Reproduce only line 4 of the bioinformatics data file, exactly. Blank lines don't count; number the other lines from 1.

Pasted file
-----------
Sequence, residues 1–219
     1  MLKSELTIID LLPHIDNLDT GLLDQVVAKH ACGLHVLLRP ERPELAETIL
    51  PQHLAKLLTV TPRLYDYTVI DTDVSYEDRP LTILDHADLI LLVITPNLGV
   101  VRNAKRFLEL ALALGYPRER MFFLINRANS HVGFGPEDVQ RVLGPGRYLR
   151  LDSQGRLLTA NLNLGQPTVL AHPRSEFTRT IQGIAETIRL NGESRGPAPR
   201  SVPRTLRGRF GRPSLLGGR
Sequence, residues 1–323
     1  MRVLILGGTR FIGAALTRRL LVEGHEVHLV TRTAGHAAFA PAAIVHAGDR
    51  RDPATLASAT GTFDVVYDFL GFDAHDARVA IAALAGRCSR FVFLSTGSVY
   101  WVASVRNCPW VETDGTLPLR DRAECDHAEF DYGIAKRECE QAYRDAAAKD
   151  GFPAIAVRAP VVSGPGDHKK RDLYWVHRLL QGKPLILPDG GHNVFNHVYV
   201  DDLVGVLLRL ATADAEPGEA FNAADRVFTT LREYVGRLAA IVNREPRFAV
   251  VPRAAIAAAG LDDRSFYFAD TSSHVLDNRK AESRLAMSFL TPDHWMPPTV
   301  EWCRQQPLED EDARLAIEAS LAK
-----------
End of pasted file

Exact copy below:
   101  VRNAKRFLEL ALALGYPRER MFFLINRANS HVGFGPEDVQ RVLGPGRYLR